Illegal California Game Law Faces Appeal Wednesday

By Chris Faylor, Oct 27, 2008 2:51pm PDT This Wednesday, California lawmakers will attempt to resurrect the violent video game legislation that cost the state $282,000 after it was ruled unconstitutional in 2007.

Senator Leland Yee penned the law, which mandates that retailers restrict sales of violent video games to only those over the age of 18, with games that fall under the definition of "violent" forced to sport an prominent "18" sticker on their packaging.

According to the law, any game that contains "serious injury to human beings in a manner that is especially heinous, atrocious, or cruel" would fall under its jurisdiction.

"This is the same technology the armed forces use to help soldiers kill the enemy," Yee explained to the San Jose Mercury News. "All we're saying is, 'Don't sell it to kids.'"

In his 2007 ruling, Judge Ronald Whyte declared that the law's definition of violence was too broad, noting that it could apply to some classic literature, and questioned the tenuous link between violent video games and violent behavior. Following Whyte's decision, California governor Arnold Schwarzenegger vowed to appeal the ruling.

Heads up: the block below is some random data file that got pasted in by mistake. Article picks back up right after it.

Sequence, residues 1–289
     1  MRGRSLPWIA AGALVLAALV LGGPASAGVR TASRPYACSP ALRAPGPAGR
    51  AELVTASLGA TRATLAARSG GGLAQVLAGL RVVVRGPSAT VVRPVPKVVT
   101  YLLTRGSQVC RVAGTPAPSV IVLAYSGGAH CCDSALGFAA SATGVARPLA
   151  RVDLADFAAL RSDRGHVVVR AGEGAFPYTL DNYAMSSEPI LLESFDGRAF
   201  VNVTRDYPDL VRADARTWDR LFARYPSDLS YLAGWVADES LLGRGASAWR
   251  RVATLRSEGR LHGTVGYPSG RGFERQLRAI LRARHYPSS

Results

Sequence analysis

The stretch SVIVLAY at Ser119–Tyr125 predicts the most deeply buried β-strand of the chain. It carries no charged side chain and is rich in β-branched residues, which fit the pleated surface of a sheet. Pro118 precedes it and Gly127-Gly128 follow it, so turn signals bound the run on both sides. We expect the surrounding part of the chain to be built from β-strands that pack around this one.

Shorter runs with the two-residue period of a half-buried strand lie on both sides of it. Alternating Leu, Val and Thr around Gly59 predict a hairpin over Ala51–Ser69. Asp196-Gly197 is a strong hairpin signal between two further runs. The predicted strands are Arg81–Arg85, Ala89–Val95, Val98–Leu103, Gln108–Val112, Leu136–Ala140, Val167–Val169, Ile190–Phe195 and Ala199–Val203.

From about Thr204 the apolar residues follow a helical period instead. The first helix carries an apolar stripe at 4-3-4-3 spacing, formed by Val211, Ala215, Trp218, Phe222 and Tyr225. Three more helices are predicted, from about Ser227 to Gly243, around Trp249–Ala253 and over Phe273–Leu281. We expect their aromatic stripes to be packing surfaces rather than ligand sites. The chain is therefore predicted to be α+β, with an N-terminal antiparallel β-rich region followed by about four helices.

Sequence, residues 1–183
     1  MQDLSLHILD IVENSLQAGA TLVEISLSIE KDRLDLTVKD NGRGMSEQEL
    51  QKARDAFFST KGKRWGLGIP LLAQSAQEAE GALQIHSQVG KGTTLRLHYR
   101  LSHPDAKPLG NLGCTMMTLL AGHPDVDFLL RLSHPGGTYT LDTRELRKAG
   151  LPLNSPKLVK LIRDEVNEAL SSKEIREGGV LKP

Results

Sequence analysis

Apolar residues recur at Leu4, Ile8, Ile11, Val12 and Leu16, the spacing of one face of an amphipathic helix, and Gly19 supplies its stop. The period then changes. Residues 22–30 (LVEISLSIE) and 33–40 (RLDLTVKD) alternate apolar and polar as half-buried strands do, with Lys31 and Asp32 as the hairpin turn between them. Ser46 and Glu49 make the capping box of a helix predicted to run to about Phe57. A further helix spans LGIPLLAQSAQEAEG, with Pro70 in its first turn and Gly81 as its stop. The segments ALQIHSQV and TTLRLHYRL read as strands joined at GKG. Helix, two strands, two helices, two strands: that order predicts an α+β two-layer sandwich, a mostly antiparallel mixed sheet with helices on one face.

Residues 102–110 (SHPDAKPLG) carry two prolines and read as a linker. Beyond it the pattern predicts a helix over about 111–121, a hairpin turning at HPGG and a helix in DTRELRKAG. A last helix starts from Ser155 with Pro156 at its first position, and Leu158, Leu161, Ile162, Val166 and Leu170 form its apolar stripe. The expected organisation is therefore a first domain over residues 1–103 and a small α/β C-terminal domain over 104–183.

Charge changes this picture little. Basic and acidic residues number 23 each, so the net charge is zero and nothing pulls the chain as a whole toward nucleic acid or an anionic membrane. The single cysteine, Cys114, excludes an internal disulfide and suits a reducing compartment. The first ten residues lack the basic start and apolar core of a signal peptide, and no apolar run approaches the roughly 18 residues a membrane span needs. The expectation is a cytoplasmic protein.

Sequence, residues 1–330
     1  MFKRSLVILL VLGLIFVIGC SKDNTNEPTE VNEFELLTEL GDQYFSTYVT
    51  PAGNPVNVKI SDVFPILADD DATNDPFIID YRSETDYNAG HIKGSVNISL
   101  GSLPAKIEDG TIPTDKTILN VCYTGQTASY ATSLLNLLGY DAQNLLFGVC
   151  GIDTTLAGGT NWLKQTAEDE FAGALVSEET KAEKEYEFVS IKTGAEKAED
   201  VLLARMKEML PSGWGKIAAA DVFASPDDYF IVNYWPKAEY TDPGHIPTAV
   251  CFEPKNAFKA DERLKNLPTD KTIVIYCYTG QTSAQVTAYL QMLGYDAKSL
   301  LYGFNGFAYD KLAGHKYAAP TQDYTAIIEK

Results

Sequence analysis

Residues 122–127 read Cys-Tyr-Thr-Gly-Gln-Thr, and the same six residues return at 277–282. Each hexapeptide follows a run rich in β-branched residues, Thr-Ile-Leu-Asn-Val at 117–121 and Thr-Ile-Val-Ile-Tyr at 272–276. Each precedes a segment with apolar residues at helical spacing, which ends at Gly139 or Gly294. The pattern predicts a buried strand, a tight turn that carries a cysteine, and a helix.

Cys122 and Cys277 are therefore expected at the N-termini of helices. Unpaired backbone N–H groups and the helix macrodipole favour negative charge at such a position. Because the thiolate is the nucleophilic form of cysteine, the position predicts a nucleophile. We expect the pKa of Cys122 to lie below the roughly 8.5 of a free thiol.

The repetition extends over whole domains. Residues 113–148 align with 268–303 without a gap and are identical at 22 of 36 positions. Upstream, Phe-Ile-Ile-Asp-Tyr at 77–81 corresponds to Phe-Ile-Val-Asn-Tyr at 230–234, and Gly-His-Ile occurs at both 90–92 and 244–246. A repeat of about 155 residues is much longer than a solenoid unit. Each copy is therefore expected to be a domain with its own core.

Various figures, such as Stephen King, have spoken out against the government's attempts to involve itself in the self-regulated video game industry. According to an FTC report, the video game industry's self-mandated ratings system is more effective than that of movies and music.

"What makes me crazy is when politicians take it upon themselves to play surrogate parents," King argued earlier this year. "The results of that are usually disastrous. Not to mention undemocratic."

"I think video game legislation has no place in America," Resistance 2 creative director and Insomniac Games president Ted Price added later.

"It saddens me to see legislators stomping all over our First Amendment rights for their own specific interests," Price continued. "So far, there have not been conclusive studies that show that games promote violent behavior any more than movies do. "

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